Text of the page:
Unlike most populous states, Texas has no mandatory statewide collective bargaining law. Though local jurisdictions can choose to adopt collective bargaining, most have not.
Section 101.001 of the Texas Labor Code does allow employees the right to form “unions and other organizations,” and provides that “all persons engaged in any kind of labor may associate and form trade unions and other organizations to protect themselves in their personal labor in their respective employment.”
The Texas Court of Appeals recently addressed whether, even in the absence of collective bargaining, Section 101.001 grants employees the right to representation in disciplinary interviews. Put another way, the Court had to answer whether representational rights along the lines of those described by the Supreme Court in National Labor Relations Board v. J. Weingarten, Inc., 420 U.S. 251 (1975) exist for public sector employees in Texas.
The case involved a firefighter working for the City of Round Rock. When the Fire Chief summoned the firefighter for a disciplinary interview, the firefighter asked that he be represented by the local firefighters’ association. The Chief’s denial of the right to representation led to a lawsuit filed by the Association.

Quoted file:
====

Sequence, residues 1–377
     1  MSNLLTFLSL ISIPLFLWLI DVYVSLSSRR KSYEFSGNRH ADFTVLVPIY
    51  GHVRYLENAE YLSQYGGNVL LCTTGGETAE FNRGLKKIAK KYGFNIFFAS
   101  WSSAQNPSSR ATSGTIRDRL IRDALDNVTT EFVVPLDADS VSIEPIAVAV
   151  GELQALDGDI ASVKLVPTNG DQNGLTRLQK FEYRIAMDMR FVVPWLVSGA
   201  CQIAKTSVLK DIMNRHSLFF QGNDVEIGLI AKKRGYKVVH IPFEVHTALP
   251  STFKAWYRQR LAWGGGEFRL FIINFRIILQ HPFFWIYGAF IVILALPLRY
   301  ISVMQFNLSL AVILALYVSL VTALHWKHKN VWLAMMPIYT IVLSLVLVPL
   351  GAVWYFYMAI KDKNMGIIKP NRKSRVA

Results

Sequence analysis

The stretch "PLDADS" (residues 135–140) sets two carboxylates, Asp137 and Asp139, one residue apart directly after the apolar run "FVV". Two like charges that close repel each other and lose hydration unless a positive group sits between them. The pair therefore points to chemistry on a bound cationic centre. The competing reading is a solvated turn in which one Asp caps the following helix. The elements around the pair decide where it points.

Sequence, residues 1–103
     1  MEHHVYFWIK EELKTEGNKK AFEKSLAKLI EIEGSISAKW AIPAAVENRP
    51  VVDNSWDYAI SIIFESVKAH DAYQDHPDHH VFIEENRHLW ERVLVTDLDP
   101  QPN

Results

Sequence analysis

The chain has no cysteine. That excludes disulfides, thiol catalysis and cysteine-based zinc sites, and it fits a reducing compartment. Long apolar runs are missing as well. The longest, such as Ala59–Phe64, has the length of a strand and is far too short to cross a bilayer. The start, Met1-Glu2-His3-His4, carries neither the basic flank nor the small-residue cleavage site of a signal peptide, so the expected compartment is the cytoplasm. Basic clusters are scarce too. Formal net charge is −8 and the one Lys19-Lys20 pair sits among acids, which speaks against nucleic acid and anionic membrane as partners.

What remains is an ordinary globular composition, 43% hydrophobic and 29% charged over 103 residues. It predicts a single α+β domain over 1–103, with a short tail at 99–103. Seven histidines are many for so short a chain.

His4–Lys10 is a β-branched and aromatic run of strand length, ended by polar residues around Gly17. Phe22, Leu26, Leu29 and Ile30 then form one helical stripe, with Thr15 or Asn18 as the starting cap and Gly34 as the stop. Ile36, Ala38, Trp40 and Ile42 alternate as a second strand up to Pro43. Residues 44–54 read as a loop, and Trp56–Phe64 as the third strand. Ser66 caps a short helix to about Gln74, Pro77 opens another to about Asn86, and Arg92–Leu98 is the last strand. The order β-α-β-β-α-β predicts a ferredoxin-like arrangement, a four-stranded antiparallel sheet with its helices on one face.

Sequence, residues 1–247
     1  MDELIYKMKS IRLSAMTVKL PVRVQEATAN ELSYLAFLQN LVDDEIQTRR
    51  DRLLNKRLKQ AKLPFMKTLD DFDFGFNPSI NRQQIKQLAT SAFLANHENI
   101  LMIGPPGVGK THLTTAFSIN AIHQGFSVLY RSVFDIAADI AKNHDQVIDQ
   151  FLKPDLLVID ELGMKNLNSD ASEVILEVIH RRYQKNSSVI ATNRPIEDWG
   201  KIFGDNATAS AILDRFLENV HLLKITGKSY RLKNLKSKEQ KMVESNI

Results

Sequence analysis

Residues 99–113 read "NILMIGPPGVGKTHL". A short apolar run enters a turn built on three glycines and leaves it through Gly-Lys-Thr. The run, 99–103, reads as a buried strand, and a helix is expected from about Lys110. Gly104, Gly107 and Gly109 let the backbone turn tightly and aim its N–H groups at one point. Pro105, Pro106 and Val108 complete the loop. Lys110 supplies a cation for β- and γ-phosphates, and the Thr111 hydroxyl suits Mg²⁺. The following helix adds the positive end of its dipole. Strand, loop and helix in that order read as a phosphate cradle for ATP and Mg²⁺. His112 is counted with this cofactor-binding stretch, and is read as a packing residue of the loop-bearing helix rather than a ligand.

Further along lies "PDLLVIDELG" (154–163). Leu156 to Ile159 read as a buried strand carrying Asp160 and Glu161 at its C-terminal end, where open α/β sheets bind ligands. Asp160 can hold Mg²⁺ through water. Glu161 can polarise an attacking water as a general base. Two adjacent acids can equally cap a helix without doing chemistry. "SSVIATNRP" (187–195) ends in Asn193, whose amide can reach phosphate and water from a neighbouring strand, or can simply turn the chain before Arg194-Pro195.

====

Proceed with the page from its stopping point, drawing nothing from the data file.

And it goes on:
The Court first had to address whether Section 101.001 created rights analogous to those described in Weingarten. The Court found that it did: “A statute is presumed to have been enacted by the Legislature with complete knowledge of the existing law and with reference to it. Further, Texas courts examine federal labor law to interpret state labor provisions. At the time the Legislature enacted Section 101.001, the federal interpretation of the ‘literal wording’ of the National Labor Relations Act had been in existence for over 20 years.
“The language of Section 101.001 substantively mirrors the language in the NLRA providing employees the right to engage in other concerted activities for the purpose of mutual aid or protection. Although not identical, the language is substantially similar with both statutes protecting the same rights – employees’ rights to join together to protect themselves in their employment.”
Since Round Rock has not chosen to collectively bargain with its employees, the next question the Court faced was whether Weingarten rights existed even in the absence of collective bargaining. Turning now to the differences between federal law and Section 101.001, the Court found that the right to representation did not depend upon the existence of collective bargaining: “The plain language of Section 101.001, however, is not limited to collective bargaining settings. The statute allows ‘all persons to associate and form trade unions and other organizations to protect themselves.’ By including ‘and other organizations,’ the Legislature’s intent as expressed in the plain language was to allow representation by a broader category of organizations than trade unions with collective bargaining rights.”
City of Round Rock, Texas v. Rodriguez, 2010 WL 2867385 (Tex. App. 2010).
This article appears in the September 2010 issue